Staff Sgt. Angela McKinzie
2nd Brigade Combat Team PAO NCOIC
YUSUFIYAH, Iraq — Soldiers recently received something they least expected – a baby.
Soldiers from 210th Brigade Support Battalion “Providers” and 4th Battalion, 31st Infantry Regiment “Polar Bears,” both units of 2nd Brigade Combat Team, 10th Mountain Division (LI), took care of a sick Iraqi baby boy at the Patrol Base Yusufiyah aid station here.
“The baby’s mother brought him to us because he was very sick,” said Maj. Casey Geaney, who serves as a battalion surgeon currently attached to 4-31 Infantry.
Knowing that the baby, Sajad, was very ill and that the Iraqi medical system did not have the capabilities to care for the infant, Geaney decided Sajad would become an in-patient.
“Usually, this is not an in-patient facility,” he explained. “However, after discovering the child had an infection, we did not want him to go home.”
At 7 months old, Sajad was only the size of a 2-month-old. He is believed to have suffered brain injury during his birth.
“Sajad was very dehydrated and sick when we first saw him,” said Spec. Carrielynn Spillis, a 210th BSB medic, as she held him in her arms. “We have been feeding him through a tube, because he was too weak to feed from a bottle.”
Keeping Sajad was a huge responsibility for the team. He required around-the-clock attention, just as any infant.
“We would take turns watching him,” Spillis explained. “One medic would stay with him at the aid station during the night, and others would watch him during the day.”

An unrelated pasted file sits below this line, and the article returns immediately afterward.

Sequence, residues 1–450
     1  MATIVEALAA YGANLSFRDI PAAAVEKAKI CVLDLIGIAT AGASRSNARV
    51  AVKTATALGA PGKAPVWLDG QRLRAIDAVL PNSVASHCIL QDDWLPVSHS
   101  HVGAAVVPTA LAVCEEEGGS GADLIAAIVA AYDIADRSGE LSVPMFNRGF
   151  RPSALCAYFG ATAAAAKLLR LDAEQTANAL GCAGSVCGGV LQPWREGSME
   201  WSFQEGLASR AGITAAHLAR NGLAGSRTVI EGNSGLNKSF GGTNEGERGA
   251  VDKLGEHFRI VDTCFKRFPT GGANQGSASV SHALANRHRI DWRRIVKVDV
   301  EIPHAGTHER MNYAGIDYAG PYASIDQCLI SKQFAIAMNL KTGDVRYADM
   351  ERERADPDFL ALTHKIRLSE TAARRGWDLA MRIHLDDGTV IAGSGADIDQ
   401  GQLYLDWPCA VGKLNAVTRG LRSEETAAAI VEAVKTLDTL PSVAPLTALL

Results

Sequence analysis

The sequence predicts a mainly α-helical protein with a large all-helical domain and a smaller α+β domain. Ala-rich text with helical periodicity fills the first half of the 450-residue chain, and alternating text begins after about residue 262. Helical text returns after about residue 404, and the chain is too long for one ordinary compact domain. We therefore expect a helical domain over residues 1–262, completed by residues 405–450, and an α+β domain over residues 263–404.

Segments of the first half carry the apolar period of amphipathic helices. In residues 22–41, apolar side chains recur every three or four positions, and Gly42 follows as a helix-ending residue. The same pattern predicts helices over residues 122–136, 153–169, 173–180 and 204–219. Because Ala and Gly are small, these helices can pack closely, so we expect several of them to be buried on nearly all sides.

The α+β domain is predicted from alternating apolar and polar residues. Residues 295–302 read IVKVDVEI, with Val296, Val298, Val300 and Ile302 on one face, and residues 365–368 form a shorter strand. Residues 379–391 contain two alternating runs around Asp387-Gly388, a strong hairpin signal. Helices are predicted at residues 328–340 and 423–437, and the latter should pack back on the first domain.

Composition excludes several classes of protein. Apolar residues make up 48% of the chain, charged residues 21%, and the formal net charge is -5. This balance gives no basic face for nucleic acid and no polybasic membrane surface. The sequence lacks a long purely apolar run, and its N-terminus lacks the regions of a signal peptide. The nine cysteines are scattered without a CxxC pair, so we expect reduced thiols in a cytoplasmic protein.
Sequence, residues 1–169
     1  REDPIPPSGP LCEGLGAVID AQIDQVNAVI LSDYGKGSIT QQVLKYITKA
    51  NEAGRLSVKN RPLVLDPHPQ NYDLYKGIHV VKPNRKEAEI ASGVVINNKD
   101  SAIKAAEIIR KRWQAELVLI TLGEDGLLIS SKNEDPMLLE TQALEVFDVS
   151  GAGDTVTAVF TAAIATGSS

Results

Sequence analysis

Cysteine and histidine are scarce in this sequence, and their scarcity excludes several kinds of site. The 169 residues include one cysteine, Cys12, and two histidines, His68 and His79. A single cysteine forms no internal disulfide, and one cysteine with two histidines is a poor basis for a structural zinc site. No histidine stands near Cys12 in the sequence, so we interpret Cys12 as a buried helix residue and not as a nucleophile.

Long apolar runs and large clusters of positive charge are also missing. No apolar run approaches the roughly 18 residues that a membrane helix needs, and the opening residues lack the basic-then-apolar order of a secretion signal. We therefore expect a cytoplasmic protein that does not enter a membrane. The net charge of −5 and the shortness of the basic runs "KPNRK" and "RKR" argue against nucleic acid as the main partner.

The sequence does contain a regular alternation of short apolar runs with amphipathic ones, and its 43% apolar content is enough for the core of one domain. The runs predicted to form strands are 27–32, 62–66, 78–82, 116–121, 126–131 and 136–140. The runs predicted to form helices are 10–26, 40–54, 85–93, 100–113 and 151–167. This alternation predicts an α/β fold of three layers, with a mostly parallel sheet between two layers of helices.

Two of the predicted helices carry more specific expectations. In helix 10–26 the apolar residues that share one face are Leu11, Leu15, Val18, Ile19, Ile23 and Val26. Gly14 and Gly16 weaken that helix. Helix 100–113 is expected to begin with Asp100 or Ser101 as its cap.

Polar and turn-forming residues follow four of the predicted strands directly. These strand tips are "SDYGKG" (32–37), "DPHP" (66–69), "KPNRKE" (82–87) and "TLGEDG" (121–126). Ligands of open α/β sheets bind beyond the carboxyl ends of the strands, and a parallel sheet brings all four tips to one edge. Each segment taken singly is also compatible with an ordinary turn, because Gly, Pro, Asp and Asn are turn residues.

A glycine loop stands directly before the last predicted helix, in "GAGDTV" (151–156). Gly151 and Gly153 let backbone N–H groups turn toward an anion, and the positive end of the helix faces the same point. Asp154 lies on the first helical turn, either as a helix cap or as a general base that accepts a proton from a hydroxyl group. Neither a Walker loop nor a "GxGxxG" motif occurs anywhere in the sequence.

Another medic shared her thoughts of caring for Sajad.
“It’s tiring to take care of him,” said Spec. Erin Byers, a medic with 210th BSB. “But it is a nice change of pace. I am used to dealing with Soldiers … it is a different mindset.”
After caring for Sajad for four days, Geaney decided the baby was well enough to return home. Before releasing the infant, Geaney and medics taught Sajad’s father how to care for him.
“They (the doctor and medics) did a nice job,” said Nasseir Alaobed, Sajad’s father, as he was learning to feed his son through a tube. “The Iraqi hospitals do not have this kind of care, and I am glad I brought him in.”
Sajad was returned to his parents fully hydrated and stronger. At one point, Spillis said Sajad was actually feeding from a bottle.
Although Soldiers were able to care for Sajad, the need for Iraqi children to see doctors in Iraq is immense.
“There are a lot of children with chronic problems, and it is frustrating that we are seeing so many patients that need help,” Geaney said. “But we do what we can do to help.”
“Sajad has a better chance of survival,” he added with a smile.
Sajad’s parents were sent home with lessons on how to care for him and infant formula that contained extra calories to help him gain weight.